• @shane-milton thanks! Makes total sense. Anyone know if they will ever make a meshpoint with more than just 1x1?

    The cube is only 3x3 you said? Hmm wish it was 4x4. I'm really confused why they are marketing this whole set up as fast. Boy I fell for the marketing (sad given I do so much of it myself).

    My wife doesn't care much about the speed. At a certain point of course but, I think it'll be ok. For me I have the wired gigabit. I do want faster wireless sometimes. Guess I'll get another cube maybe. Kinda sad now I lost that darn receipt.

    Can a unifi AP be used with this set up?? Maybe I can try one of those.


  • Hi @tom-maiaroto - the MeshPoint HD's are actually 3x3 MIMO and on paper have the same WiFi performance as the cubes
    In reality they do not perform nearly as well as the cubes
    And once you have wired Ethernet backhaul, the cubes (HD or Instant) are a much better options than the MeshPoints

    If you can afford the extra cost, always go with HD's as mesh points
    HD's have a higher antenna transmission power (and subjectively a better antenna design) over the Instants which I have witnessed in real world applications

    BTW AmpliFi does not have MU-MIMO either, so 4x4 wouldn't really make a difference...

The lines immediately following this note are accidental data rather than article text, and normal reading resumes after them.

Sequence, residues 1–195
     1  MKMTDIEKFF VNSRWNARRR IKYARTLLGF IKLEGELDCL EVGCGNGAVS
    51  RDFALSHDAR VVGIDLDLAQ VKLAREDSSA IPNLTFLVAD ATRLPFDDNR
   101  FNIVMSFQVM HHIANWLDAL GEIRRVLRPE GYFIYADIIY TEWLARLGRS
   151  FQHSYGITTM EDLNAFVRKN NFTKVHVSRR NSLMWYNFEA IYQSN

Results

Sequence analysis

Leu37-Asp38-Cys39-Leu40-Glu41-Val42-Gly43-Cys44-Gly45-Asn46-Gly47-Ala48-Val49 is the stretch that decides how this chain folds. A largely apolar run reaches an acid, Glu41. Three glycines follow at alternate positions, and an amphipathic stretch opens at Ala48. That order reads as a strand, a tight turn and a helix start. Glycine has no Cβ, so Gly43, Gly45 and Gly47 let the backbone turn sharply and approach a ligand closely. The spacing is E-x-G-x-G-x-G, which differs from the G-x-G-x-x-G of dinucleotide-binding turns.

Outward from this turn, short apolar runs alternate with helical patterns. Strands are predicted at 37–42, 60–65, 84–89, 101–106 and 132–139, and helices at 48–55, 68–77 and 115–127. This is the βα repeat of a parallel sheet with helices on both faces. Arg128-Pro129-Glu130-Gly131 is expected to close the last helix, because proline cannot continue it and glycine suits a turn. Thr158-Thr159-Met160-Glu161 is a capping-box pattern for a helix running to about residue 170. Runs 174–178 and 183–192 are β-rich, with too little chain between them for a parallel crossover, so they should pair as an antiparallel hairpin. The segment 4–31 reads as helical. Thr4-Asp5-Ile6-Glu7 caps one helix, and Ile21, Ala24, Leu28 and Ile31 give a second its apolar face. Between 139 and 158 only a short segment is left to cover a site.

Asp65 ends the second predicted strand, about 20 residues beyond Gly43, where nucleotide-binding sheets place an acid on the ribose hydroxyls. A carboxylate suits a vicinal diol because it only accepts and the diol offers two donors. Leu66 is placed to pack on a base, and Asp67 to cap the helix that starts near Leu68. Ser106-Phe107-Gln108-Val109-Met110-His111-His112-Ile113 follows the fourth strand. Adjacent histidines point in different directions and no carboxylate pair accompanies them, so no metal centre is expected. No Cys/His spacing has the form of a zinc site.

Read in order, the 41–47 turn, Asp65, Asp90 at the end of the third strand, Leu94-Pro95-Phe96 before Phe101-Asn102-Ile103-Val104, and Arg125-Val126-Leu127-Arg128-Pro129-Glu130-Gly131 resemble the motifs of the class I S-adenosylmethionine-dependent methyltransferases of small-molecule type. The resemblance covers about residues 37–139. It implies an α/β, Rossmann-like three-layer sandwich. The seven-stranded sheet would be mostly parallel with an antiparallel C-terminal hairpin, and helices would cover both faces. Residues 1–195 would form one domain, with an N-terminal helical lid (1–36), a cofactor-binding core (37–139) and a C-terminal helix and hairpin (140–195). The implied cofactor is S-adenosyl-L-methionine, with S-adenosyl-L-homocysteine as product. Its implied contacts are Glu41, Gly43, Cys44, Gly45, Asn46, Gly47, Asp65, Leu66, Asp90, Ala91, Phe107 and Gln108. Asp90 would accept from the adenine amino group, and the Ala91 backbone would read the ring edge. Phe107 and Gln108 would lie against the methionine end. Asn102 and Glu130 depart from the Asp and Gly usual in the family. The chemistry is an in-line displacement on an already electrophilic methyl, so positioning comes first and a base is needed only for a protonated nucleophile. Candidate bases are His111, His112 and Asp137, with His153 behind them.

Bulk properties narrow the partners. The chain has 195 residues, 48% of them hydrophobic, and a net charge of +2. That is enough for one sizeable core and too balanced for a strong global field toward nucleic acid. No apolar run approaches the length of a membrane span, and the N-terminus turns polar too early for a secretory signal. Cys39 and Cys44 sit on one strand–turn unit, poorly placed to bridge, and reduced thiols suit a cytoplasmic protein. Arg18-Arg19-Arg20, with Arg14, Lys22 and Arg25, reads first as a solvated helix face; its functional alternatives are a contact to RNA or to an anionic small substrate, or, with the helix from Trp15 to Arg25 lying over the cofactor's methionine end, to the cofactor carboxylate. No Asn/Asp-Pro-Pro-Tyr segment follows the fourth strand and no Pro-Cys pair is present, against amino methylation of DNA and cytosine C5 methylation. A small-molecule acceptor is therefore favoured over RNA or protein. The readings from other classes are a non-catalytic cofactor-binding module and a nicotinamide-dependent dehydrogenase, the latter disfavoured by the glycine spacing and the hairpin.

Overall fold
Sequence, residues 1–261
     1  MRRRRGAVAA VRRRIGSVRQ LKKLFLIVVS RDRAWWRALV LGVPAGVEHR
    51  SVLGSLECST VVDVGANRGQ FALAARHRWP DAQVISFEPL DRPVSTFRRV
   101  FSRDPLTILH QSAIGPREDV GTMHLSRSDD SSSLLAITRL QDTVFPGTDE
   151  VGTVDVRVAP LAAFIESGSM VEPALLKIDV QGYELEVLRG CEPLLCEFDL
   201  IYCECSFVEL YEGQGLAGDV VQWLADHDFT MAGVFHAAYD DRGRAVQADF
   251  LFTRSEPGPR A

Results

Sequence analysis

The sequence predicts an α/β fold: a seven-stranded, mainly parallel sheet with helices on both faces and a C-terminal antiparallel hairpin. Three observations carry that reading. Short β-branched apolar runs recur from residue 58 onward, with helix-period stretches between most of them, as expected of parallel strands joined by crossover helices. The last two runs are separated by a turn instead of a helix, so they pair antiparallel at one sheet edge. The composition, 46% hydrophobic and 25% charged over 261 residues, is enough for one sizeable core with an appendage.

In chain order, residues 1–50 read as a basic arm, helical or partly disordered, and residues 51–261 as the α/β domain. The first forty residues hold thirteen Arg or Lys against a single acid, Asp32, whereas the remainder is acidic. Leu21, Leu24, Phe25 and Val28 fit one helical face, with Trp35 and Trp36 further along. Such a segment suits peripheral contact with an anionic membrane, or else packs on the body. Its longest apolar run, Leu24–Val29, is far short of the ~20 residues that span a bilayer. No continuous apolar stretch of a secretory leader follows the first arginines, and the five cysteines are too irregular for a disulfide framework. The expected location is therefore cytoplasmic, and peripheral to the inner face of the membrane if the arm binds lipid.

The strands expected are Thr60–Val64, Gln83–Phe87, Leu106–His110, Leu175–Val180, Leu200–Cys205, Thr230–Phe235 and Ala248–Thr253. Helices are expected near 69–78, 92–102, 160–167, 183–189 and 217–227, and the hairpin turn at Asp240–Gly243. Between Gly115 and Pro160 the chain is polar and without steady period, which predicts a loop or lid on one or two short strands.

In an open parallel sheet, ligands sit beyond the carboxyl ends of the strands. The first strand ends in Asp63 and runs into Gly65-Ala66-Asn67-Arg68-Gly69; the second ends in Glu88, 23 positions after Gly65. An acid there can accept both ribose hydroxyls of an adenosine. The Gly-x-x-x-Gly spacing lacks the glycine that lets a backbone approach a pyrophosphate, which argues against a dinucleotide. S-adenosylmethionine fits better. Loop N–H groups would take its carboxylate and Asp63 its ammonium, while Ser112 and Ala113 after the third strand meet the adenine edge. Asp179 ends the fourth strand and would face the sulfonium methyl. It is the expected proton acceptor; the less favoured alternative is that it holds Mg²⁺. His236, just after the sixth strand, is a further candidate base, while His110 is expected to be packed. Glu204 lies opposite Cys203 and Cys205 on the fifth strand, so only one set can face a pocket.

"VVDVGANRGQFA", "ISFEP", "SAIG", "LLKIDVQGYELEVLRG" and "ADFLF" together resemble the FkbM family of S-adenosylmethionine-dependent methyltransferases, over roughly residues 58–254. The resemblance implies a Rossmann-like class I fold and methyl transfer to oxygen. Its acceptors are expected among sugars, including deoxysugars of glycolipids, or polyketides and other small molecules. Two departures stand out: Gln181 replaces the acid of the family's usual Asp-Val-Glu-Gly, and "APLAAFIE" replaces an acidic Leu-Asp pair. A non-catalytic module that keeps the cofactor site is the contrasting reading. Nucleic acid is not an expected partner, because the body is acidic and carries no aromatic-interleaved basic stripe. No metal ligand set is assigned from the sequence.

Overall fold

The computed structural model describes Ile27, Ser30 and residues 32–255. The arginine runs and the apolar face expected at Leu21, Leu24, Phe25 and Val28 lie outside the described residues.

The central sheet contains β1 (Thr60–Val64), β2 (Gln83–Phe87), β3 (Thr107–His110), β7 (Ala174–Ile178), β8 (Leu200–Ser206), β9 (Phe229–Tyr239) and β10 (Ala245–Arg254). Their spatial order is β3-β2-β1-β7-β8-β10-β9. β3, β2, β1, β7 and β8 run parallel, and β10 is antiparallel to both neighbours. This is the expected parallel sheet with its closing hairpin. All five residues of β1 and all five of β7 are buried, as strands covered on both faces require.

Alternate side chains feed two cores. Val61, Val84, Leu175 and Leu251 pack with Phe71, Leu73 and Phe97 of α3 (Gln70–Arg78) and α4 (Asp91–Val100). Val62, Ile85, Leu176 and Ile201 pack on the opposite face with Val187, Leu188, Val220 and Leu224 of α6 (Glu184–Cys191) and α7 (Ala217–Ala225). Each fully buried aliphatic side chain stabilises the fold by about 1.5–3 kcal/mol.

• @derek-saville said in Achieve Marketed Gigabit Speeds in Router Mode:

    the MeshPoint HD's are actually 3x3 MIMO

    I have been under the misunderstanding that they were only 2x2. Thanks for correcting me!


  • @tom-maiaroto said in Achieve Marketed Gigabit Speeds in Router Mode:

    The cube is only 3x3 you said? Hmm wish it was 4x4. I'm really confused why they are marketing this whole set up as fast. Boy I fell for the marketing (sad given I do so much of it myself).

    Keep in mind that there are different ways to qualify "speed". I think your assumption for "speed" is maximum possible throughput for a single client, such as a drag racing car on a racing strip. I'm not sure AmpliFi has ever emphasized such a thing, though I could be mistaken (I really haven't seen much of their marketing - mostly word-of-mouth stuff). I think the angle AmpliFi is taking is more that of a 7-lane highway in that a single car (client) might not have the maximum possible speed, but it can handle a LOT of different cars (clients) all at quite fast speeds without any of them bogging down.

    This is generally the angle mesh networks take in terms of speed. A couple of them attempt the other angle, but the reality of the situation is that they don't quite deliver and you're just not going to get that in a $300 package with 3 networking appliances. The economics simply don't work out. Either get a single $300 non-mesh high-end router or invest $1,000 in a more complex setup (like UniFi) if you really need those super high wireless speeds for single clients.